Lawmakers applied a fast-track procedure yesterday to the last bill required to implement the Central American Free-Trade Agreement with the United States (CAFTA).
After days of intense negotiations with Presidency Minister Rodrigo Arias, five lawmakers from the Libertarian Movement Party agreed to fast-track the bill, which protects intellectual property rights and punishes violations. Arias convinced the Libertarians by agreeing to reduce prison terms for violators and increase the number of lawmakers able to vote on a certain clause.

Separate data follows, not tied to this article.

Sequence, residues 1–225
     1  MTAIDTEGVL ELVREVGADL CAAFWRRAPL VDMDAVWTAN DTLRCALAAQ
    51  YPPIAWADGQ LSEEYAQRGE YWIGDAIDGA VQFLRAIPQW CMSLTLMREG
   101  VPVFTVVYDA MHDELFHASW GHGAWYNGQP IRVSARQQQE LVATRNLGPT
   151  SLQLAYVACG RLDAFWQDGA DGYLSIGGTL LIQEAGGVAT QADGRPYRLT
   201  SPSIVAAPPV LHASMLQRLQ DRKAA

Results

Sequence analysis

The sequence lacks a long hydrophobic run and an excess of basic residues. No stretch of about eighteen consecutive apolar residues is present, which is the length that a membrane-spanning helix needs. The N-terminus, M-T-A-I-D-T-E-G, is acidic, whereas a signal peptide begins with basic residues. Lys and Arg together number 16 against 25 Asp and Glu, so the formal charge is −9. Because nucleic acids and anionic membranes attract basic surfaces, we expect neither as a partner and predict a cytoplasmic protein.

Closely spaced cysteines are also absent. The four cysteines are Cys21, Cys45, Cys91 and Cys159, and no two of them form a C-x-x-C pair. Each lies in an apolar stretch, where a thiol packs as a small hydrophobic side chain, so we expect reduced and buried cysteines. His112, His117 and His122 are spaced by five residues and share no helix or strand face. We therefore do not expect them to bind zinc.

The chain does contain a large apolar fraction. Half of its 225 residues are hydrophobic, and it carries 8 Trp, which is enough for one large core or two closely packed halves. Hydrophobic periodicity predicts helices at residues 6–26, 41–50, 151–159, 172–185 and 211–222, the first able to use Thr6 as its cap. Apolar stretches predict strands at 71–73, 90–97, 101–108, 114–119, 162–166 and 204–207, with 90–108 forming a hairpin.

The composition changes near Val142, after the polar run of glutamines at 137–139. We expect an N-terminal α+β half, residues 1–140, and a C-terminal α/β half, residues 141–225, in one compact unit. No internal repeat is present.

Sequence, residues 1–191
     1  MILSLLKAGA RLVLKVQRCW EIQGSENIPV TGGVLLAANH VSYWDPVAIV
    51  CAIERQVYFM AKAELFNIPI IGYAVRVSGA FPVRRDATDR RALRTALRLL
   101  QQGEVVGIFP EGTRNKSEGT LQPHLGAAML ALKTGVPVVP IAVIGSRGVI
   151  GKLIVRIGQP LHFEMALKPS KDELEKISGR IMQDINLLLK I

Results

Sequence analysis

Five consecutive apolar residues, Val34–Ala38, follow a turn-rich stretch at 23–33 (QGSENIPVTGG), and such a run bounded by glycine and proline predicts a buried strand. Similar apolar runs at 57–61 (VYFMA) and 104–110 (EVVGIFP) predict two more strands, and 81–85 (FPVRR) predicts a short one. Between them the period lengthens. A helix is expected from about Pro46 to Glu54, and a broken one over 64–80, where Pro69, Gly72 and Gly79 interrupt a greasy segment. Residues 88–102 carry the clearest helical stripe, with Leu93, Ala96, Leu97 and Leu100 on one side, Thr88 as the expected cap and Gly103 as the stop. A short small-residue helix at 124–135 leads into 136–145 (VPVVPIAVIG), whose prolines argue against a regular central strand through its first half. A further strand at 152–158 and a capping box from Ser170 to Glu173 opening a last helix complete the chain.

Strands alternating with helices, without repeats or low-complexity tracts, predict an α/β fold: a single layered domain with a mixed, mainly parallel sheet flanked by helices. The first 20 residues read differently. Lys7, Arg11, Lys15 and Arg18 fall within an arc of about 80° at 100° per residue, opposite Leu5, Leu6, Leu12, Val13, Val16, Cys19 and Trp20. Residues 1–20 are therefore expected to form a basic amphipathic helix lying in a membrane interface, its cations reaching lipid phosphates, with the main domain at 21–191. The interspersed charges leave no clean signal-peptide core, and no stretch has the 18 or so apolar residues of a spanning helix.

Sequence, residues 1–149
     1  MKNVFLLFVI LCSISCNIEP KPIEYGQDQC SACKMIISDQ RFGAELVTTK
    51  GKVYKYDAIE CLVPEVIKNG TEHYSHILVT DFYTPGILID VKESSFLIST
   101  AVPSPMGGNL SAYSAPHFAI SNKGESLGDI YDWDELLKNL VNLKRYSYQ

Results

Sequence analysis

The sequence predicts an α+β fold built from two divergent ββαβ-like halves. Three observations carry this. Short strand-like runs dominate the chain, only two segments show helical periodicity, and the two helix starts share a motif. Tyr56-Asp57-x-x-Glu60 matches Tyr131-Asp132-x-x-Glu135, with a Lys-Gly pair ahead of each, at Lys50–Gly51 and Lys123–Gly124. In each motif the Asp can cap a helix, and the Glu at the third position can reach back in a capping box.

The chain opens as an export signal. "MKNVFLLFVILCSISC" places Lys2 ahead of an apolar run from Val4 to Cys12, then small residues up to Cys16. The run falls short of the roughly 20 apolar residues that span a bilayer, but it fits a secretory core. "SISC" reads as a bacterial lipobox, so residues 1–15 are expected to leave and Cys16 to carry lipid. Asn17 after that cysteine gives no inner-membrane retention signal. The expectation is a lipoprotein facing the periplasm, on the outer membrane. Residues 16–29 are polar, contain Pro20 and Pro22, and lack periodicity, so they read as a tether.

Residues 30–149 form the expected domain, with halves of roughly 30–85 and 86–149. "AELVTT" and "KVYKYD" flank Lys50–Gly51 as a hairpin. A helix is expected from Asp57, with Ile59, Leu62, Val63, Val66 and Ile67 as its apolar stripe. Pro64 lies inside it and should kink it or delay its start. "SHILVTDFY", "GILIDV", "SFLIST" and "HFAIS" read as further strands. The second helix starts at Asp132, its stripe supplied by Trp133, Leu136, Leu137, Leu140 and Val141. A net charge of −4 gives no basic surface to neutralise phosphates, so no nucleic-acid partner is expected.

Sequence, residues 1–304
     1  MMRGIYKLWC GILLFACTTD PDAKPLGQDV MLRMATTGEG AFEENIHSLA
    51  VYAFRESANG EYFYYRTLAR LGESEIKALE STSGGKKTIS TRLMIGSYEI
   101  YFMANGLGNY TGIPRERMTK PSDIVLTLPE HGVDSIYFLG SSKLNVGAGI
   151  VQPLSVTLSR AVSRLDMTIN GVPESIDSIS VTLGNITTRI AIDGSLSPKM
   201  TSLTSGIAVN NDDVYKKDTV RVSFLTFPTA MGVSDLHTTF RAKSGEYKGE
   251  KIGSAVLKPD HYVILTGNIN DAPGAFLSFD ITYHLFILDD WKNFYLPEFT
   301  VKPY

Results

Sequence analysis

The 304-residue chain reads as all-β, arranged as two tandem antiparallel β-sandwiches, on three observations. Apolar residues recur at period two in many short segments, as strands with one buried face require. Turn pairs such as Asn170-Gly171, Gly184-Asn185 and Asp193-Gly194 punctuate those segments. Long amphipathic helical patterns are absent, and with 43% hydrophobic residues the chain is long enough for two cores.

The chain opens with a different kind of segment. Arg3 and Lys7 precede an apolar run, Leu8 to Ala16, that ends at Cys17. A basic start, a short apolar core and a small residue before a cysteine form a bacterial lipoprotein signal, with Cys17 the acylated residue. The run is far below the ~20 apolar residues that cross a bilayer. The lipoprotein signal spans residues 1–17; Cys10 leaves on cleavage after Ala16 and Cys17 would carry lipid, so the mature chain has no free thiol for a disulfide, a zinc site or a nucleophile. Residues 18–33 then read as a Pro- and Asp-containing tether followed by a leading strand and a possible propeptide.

The Libertarians, together with lawmakers from the government’s National Liberation Party, the Social Christian Unity Party (PUSC) and independent legislators, completed the 38 votes required to apply the fast-track process, which can limit debate to less than a month. Bills can otherwise take years to pass.
Costa Rica has until October to enter the free-trade pact. To do that, the country must pass five more bills that would open up the insurance market, regulate the telecommunications market and strengthen intellectual property rights, among other things.